You’re having a hard time right now because your life is hard right now
I didn’t even bother coming up with a little introduction for this essay to work my way up to that idea, because you’re ready to hear it, right? Everyone is having a hard time. Everyone on the globe is feeling the direct and indirect effects of the pandemic in one way or another, and it seems like everyone I know is also struggling with some unusual problem on top of that.
The only other thing we all seem to have in common is that an unusual number of people seem to be thinking poorly of themselves because they are struggling. So many of my friends seem to feel that there is something wrong with them because they are so sad and exhausted. They feel like there are so many other people with worse problems than theirs, or they ought to have adapted to a new normal, or they ought to be glad things are not as bad as they were in the past, or something.
Be careful of your inner voice
Not only are they having a hard time, they’re angry at themselves, embarrassed and ashamed because they’re even struggling. Everyone I know seems to be fighting terrible battles, and their worst enemy is their own self, who constantly sneers, “Oh, stop your whining. It’s not so bad.”
If you are hearing this voice, you should know that it’s not really your self saying it to you. Or that’s not where the thought has its roots, anyway. It’s an idea that comes from the evil one: This idea that your suffering is imaginary, not worthy of tears or attention.
Isn’t that strange, to think that the devil would want to deny suffering? If you look at medieval paintings, it looks like suffering is, as they say, extremely his jam: You’ll see bony, many-clawed demons gleefully cramming bushels of suffering souls into bubbling cauldrons, stretching them on racks, slicing them into ribbons, searing their flesh.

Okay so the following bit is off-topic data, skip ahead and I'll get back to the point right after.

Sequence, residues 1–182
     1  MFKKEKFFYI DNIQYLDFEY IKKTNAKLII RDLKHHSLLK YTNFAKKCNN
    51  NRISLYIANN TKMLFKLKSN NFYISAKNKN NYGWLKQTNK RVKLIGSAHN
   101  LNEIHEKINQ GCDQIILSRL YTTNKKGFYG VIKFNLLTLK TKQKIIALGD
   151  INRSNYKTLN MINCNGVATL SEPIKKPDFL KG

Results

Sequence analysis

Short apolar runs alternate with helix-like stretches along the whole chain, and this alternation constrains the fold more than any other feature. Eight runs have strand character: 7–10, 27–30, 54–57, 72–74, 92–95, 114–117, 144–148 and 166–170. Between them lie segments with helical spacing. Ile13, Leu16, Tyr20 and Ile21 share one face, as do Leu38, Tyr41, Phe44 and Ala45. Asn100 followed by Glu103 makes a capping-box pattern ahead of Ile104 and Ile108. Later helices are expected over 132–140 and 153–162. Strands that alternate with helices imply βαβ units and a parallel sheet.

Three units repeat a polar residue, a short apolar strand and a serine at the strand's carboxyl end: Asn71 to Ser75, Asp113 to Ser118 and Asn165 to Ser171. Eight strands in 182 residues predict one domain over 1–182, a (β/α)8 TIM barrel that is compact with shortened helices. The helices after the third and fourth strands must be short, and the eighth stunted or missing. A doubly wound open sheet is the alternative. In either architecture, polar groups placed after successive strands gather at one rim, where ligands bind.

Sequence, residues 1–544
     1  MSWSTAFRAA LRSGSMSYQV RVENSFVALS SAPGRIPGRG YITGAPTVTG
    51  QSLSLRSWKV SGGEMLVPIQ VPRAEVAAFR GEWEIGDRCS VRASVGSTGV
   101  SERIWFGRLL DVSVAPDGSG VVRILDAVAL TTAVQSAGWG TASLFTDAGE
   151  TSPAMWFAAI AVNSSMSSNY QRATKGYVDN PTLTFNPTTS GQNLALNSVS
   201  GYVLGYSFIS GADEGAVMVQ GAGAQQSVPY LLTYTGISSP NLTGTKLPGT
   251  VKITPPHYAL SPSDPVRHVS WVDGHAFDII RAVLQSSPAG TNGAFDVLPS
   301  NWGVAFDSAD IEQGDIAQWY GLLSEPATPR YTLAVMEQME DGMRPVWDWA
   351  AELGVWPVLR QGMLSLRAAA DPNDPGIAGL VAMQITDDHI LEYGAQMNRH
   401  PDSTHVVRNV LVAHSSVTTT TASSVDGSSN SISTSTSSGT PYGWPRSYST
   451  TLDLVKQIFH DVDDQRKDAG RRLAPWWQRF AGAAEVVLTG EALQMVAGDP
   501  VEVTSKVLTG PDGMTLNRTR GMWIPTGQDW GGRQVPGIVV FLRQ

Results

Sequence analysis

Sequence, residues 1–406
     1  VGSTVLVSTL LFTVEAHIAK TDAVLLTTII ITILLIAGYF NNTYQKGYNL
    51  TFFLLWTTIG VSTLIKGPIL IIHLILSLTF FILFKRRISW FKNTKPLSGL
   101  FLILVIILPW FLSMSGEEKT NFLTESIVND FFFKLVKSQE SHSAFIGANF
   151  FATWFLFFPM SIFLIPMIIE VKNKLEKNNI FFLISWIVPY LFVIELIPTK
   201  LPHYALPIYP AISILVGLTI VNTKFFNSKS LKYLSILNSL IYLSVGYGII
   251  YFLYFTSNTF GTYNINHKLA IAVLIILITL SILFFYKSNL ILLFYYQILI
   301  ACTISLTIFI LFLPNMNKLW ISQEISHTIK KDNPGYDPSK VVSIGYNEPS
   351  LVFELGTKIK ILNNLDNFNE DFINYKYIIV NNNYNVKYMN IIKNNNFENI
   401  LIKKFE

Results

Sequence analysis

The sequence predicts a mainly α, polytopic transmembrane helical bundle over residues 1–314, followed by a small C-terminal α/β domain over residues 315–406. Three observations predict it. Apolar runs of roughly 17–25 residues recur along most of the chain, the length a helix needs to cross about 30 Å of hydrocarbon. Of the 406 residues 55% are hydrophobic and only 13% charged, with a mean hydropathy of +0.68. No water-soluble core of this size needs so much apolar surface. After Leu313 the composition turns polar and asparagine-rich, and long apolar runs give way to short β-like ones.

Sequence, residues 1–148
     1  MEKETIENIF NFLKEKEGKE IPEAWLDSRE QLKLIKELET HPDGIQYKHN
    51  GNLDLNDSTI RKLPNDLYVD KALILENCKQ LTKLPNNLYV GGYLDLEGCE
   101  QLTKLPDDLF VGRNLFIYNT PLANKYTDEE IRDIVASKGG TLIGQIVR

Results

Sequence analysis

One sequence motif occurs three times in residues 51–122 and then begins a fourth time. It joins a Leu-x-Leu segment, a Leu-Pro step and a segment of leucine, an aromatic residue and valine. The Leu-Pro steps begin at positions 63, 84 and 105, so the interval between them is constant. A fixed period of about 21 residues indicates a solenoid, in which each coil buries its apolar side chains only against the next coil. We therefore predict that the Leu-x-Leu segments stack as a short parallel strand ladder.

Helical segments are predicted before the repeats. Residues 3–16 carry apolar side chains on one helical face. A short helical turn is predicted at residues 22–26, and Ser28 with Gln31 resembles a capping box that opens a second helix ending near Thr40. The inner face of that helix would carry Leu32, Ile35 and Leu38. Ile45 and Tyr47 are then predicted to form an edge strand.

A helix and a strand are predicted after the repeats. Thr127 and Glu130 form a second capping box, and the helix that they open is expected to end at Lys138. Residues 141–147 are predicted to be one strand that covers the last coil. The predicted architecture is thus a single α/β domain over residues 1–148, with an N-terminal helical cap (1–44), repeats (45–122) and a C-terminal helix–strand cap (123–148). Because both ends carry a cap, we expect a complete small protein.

It’s important to call suffering what it is
But I’ve found that some of my most hellish mental states come when I’m unwilling or unable, for whatever reason, to clearly and calmly identify my own suffering as real suffering. It’s counterintuitive, but there is something demonic about being unwilling to look suffering in the face. And there is something holy about calling suffering what it is.
I think that this is because of the cross. Since Jesus died on the cross, suffering is forever a place where Christ may be found, if you can sit there for a minute and look for him.
This sounds like pious platitudes, doesn’t it? It sounds like I’m saying that, if we just sit still for a moment, cast our eyes heavenward and get a mental picture of a white lamb in our heads, then our suffering will somehow become spiritual, and will in some way not bother us so much anymore. And that is not what I mean.
What I do mean is this: The one thing the devil wants you to think is that you don’t matter, that what you experience doesn’t matter, that what you suffer doesn’t matter, that what you’re going through isn’t any big deal. That’s part of the genius of the medieval concept of hell: Not only the gruesome detail of the fleshly agonies, but the horrible sameness of all those shocked and helpless bodies. All those rows of limbs bundled up like firewood, numberless, nameless. Maybe that’s something like what hell is: Where your suffering doesn’t mean anything anymore.
But we’re not in hell; not yet. We are, if I remember my catechism, the Church militant, which means the battle hasn’t been decided yet. It could go either way. We can still, every day, every hour, decide that the suffering we face will be a place where we can find Christ.
I’m not saying it’s easy! But it is simple. All we have to do is two things: Acknowledge we are suffering, and greet him there. “Jesus Christ, Son of God, have mercy on me, a sinner” is a prayer that encompasses both those ideas. You can do this. You can acknowledge you are suffering, and you can greet Jesus there. You don’t have to be happy to see him. You don’t have to pretend you understand why any of what you’re going through is a good idea. Just acknowledge you are suffering, and greet the Lord there. Now you know everything I know, and everything I felt compelled to tell you today.
You’re having a hard time right now because life is hard right now. I don’t know you, but I promise you that Jesus does, and he has not forgotten you.